A note on the last commenter. I know several teachers in Canada and you have to be Catholic to be a teacher in a Catholic school. Teachers will even convert just to land a job (more jobs). Many students, however, are not Catholic. Sometimes people go because of location, school and uniforms.

jaenkes said...

Great Post, right down to the end. I don't get it either... it's the same with Boy Scouts. We've let our son know why he wouldn't be joining them (he didn't want to, he just wanted to know what it was)... "because their organization thinks families like ours is wrong". "That's dumb" was his reply! :)

Anonymous said...

Stacey, you can be "Catholic" and be gay, in the sense that if you were baptised and did your confirmation, you are considered Catholic. But again, it depends on the school...because now that I think of it my cousin had to "re-marry" her husband in a Catholic church in order to teach in a Catholic school
Elise*

Stacey said...

Of course. I just wanted to clarify that the students don't have to be Catholic but the teachers do. :)

print girl inc said...

i agree 110%.

Mickey said...

You and I both think religions are cults are the same thing, the only different is how long they've been around and their popularity, right?

But I think gay people have the rights to seek religion as much as straight people do. My take to this case is much different than yours and I went to detail on in a post from a couple of months ago.

http://www.takingthemickey.net/2010/03/homophobia-lesser-bigotry.html

Regardless, homophobic discrimination should be illegal, so religious schools shouldn't be able to do that regardless of what they think.

What if according to their holy book they should discriminate against people of colour? Should they be allowed that?

--Mickey

Michael said...

I am glad you brought up this topic. We live in the San Francisco Bay Area, and for one short period of time we belonged the local Catholic Church. Incidentally, we stopped going when we discovered that the local diocese supported Prop 8. Even though our church did not support the ban on same-sex marriage, apparently donations were diverted to the cause. Ugh. I digress...

To this day, we struggle with the question of where to send our two kids to school. Should we go public, and risk them being undereducated, or should we send them to the parochial school where we know they will receive a stellar education? Personally, I did not grow up Catholic - and every time I attend a mass I feel as though I am watching a cult. My husband did, however. Ironically, he is not the one pushing the parochial school. Oy. Such a conundrum...

Monogram Queen said...

My thought is that churches making a move such as kicking a child out because they have same sex parents..... REAL nice... way to teach 'love thy neighbor'.

You ought to try living in the Deep South, we have our own special brand of religious crazy. Oh well, all I can do is teach my daughter that love comes in all forms and that church certainly shouldn't tell her who to love/not love nor should they be passing judgement. And this is the longest run-on sentence EVER! Sorry!

Tim and Louie said...

I too am an atheist and as a gay man, the last thing I would ever do would be to send my kid to ANY religious based school, let alone one that is predominantly anti-gay.

Were I forced to send my kid to such an institution, at least I would choose a school that is tied to a more progressive sect, I.E. they bless same-sex couples, they allow LGBT and straight females to minister their flock, etc., etc.

The last thing we gays need is give the anti-gay bigots more ammunition to use against us as we struggle to achieve our civil rights.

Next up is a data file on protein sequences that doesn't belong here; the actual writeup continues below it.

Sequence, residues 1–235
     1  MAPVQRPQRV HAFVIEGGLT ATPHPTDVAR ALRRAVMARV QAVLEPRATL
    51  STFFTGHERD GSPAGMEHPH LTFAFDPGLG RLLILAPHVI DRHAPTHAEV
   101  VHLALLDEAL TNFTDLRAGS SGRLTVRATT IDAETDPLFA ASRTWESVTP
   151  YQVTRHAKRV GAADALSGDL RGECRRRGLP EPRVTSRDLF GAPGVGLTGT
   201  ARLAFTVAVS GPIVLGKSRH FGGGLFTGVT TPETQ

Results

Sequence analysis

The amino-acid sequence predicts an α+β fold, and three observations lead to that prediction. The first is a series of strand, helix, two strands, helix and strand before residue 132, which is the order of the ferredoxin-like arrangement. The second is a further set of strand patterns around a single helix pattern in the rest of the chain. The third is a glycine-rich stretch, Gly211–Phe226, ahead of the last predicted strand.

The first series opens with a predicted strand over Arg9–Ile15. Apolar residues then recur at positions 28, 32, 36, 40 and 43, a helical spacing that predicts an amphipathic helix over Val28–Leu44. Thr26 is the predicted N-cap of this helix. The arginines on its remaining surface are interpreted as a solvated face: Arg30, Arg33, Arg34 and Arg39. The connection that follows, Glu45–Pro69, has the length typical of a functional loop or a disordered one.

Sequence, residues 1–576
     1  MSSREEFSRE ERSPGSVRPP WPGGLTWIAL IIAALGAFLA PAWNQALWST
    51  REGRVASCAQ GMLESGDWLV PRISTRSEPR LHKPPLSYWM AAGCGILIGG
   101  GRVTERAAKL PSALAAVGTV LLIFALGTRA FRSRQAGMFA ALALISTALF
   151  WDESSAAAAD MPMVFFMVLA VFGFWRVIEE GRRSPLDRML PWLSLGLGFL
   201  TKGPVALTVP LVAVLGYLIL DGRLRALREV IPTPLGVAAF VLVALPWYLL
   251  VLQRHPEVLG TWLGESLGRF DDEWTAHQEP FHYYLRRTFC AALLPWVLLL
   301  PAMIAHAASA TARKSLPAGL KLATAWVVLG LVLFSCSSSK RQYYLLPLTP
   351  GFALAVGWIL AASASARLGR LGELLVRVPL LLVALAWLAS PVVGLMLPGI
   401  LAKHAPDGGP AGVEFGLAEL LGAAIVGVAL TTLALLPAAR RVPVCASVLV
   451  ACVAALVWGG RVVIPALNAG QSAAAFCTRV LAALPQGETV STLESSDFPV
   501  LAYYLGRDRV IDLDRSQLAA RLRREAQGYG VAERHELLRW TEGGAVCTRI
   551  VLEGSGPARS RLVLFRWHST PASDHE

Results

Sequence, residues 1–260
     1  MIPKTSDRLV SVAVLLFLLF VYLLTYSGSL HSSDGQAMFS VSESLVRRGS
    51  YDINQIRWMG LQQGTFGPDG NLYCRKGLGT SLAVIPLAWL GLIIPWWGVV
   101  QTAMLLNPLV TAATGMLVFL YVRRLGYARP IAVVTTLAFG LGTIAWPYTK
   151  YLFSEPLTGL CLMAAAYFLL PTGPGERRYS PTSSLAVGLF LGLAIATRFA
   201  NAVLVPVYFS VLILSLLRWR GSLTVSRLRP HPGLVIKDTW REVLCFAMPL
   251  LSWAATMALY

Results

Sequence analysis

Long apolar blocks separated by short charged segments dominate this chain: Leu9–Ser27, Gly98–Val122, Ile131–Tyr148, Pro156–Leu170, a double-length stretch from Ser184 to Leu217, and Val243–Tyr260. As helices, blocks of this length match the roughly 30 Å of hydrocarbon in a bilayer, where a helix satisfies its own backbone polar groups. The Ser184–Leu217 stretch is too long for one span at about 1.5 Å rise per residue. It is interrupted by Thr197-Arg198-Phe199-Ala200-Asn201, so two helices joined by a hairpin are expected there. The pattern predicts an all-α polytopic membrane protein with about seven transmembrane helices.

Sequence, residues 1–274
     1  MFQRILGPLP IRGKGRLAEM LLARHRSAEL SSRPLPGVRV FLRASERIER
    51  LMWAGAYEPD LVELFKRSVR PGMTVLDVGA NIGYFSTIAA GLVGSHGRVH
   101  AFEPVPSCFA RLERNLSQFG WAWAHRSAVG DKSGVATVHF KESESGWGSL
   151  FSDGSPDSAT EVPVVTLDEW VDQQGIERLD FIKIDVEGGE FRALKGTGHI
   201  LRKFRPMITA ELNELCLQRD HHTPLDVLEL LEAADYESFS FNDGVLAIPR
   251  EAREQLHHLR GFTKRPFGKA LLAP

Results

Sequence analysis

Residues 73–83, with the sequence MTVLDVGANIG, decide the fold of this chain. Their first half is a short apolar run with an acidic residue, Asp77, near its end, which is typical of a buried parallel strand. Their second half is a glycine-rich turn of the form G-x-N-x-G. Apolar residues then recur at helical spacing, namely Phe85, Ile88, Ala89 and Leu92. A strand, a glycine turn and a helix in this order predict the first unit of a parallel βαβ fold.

I can just read it now "Gays want to FORCE churches to accept their children" etc.

Don't get me wrong, if any school is taking tax payer money, then they should not discriminate against ANYBODY!

Do we really want to start looking like we're the ones "forcing" churches to do something that their "god" and holy writings tells them not to do?

Anonymous said...

Send your kids to the Unitarian Universalist church where they can learn about all religions. They can attend church with some who are atheists, some who are christians and some who are pagans. One Church many beliefs.

Tim and Louie said...

Indeed, if I had to make that choice, Unitarian Universalist would be at the top of my list.

Malea said...

OT:What's going on with Whacked Daddy?

mommy3 said...

I've been reading this thought-provoking thread for a while and figure I need to jump in with my own comment. I have never ever ever understood WHY in the name of religion, judgements are made, biases are decreed, countries are taken over, people are discriminated against--and my list goes on. I left the Lutheran Church over these issues years ago and could never find another church that made sense after that. If I pick and choose among spiritual ideas, then I find some good stuff, but no one theology, ever. That said, how in the name of any church or god could children be discriminated against, could families be denounced? I've read these news articles lately and they only make me angrier, personally. As the mom of a son who I assume will come out in the next few years and as a woman who considers discrimation of any kind one of the deeply evil issues of humanity, organized religion should not be able to rule our "free" country -- which I notice every single day is only "free" for some of us. I agree with the prev poster regarding religions simply as older cults. I sit here shaking my head and afraid for those those who will hurt my son as he matures -- but ready to support him when he is ready to live openly as a gay adolescent. Why should I have to worry about him more than my daughter who is straight? With the prevailing winds of neo-fundamentalism and more, I do truly worry and keep him in my heart. I don't want any of my three children to have to understand why our close friends' family is circumspect because they have two moms or why another family at our son's school is "weird" because they have two dads. Why should it matter?

crystal said...

I'm totally with you on this! I grew up a Jehovah Witness, and the damage that it does is understated. There are plenty of welcoming religions but most of them come with a a huge price tag. The indoctrination that most of them spew is sickening.